DAVID NEIWERT: “I’m the smartest guy in the room!”
BARRY MAUER: “You can’t pull a fast one on me!”
DAVID NEIWERT: “It’s yuuge!”
BARRY MAUER: “The conspiracies! Only I know!”
DAVID NEIWERT: “Who knew that healthcare could be so complicated?”
BARRY MAUER: “Who knew? Or the Middle East? Who knew? Or North Korea?”
DAVID NEIWERT: And that’s part of why I think Trump was appealing to a lot of those folks.
BARRY MAUER: He simplified everything.
DAVID NEIWERT: Yeah, and he had that sort of sense of assuredness that people found appealing, even when he was just completely off-his-rocker wrong.
BARRY MAUER: To me this is a symptom, it’s evidence, of how far away from a civilized society we’ve become when that works. Because in normal times, I would say, you’re always going to have a small percentage of the population that’s full of hate, that’s conspiracy minded, or they’re simpletons, or they’re just marginal or fringe groups, and you would expect a candidate like Trump to get 3%. That’s what I kept thinking; in normal times, someone like this would get 3%. But to win the presidency, it’s astounding. I don’t know if you’re familiar with the film Architecture of Doom? It’s a film about the Nazis, particularly their involvement with art, and how they subsumed politics to art, to aesthetics.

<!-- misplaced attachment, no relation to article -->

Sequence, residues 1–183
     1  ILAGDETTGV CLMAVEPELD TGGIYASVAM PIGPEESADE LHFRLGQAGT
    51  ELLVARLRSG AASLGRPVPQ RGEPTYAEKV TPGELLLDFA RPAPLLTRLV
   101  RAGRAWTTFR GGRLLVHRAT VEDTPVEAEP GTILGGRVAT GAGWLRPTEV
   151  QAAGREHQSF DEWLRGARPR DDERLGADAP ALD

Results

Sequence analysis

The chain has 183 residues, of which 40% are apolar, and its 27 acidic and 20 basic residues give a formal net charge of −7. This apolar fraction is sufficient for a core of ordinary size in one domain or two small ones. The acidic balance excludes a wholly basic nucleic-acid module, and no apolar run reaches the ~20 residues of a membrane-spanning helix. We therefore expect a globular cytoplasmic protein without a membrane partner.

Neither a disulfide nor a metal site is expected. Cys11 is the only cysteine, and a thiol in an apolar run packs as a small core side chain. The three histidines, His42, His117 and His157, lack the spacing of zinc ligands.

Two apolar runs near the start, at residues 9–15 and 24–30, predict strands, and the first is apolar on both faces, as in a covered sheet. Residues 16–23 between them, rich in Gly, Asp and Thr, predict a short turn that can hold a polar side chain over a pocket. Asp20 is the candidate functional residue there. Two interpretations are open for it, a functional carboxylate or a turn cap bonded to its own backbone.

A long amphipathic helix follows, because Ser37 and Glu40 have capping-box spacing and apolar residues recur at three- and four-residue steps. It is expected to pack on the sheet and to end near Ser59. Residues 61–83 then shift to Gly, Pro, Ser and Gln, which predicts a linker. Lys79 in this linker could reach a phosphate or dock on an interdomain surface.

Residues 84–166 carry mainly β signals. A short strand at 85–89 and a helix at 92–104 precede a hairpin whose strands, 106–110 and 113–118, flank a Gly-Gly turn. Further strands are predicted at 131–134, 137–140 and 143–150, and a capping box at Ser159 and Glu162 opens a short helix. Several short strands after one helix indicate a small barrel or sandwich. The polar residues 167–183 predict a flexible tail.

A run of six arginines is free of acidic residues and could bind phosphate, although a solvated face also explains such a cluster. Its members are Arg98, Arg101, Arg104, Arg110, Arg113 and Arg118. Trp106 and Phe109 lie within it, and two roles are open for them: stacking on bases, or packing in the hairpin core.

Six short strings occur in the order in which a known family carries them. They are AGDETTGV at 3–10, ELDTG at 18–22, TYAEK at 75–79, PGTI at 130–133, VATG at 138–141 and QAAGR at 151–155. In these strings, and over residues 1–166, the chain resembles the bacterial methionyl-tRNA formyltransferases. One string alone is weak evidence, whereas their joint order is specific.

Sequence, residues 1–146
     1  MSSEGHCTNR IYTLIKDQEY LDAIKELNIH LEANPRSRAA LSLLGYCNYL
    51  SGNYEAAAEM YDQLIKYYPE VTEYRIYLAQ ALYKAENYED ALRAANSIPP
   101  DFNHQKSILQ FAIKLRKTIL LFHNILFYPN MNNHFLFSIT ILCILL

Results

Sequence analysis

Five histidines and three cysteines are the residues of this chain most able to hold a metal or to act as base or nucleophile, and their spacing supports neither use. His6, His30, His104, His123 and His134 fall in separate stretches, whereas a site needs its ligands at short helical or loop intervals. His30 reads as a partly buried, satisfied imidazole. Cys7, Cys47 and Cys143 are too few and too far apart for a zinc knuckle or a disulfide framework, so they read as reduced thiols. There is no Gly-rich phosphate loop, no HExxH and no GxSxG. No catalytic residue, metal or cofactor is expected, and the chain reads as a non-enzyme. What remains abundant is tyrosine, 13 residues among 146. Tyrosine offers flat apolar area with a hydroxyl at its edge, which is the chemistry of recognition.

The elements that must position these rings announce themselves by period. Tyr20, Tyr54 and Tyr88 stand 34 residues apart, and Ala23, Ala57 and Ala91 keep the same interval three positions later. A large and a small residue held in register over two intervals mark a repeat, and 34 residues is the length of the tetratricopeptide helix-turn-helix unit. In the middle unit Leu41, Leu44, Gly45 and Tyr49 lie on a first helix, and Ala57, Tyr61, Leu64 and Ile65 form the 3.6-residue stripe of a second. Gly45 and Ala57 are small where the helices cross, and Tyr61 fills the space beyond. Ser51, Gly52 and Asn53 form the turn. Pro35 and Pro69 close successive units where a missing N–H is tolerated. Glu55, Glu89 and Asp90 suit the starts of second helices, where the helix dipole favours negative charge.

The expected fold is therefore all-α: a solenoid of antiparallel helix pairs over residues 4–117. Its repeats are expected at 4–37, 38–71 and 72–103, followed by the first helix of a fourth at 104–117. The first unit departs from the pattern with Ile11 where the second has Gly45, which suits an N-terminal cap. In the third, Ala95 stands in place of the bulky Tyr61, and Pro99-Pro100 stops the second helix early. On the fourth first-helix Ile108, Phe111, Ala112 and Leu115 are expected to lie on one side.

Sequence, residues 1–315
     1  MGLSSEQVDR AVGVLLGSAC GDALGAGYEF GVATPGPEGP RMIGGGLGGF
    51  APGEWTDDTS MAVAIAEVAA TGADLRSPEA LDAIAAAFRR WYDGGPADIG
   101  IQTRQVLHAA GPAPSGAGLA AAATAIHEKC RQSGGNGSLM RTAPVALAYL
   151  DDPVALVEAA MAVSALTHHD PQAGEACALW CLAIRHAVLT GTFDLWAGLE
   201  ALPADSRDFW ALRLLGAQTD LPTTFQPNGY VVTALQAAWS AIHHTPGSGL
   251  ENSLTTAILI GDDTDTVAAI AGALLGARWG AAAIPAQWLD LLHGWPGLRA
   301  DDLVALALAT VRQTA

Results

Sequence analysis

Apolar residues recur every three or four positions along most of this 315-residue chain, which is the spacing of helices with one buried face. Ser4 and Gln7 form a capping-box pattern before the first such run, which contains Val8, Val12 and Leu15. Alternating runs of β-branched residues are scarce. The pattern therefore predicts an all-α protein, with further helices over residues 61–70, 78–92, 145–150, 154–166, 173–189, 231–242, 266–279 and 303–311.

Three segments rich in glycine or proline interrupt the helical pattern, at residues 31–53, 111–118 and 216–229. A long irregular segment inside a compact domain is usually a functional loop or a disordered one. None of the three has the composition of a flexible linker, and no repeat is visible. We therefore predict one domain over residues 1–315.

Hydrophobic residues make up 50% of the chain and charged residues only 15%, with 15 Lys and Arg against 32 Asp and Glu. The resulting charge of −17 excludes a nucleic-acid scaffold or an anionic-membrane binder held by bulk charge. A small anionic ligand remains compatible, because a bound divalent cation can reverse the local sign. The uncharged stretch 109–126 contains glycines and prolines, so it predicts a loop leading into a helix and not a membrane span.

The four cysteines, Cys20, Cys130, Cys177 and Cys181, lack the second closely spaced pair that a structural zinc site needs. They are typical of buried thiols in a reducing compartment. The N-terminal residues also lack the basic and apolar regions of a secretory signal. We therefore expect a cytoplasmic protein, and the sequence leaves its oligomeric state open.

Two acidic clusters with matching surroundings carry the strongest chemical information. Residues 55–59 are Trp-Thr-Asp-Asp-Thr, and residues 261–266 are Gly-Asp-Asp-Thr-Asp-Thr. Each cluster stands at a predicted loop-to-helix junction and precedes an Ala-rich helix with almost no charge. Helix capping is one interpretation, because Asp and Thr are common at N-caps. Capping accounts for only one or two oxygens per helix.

DAVID NEIWERT: Speer.
BARRY MAUER: Speer and Hitler himself. The conclusion is that the narrator says there was this bizarre undergrowth that came out and saw the light of day and took over, and normally that kind of stuff lives under a rock. The kind of stuff Trump supports normally lives under a rock, and the rock’s been removed. I wonder where we go with this. I’m pushing an analogy that this is sort of almost like a disease that’s been unleashed.
DAVID NEIWERT: It does feel, the way I kind of felt, is that it took the lid off the national id and the creepy crawlies came crawling right out. That’s certainly what we’ve been seeing.
BARRY MAUER: But is it the national id or is it . . . because what we normally talk about is this is the id of the extreme fringe, right? But if it’s the id of the nation, then . . .
DAVID NEIWERT: I just gave a talk to your group last night showing our very long history of this kind of stuff. So it’s really buried deep in our psyche. He’s drawn something out that, you know, it was probably more prevalent in the 20s and 30s. We sort of saw it then, but even then we didn’t have presidents who encouraged it, right? And that’s really the key, is that even though these forces have always been around they’ve never ascended to high office previously.
BARRY MAUER: I think the closest is probably Lindbergh.
DAVID NEIWERT: Yeah, I would say so, very much so. There hasn’t been anyone very much like him. Huey Long was a pretty good analogy to Trump, I think, a classic right wing populist demagogue.
BARRY MAUER: But also one who had some sort of left wing economic platform.
DAVID NEIWERT: Yeah, Long did have that. That was probably what saved him from being a monster. He actually did care about working people, unlike Trump who pretends that he cares about working people, but he has no idea what they’re like.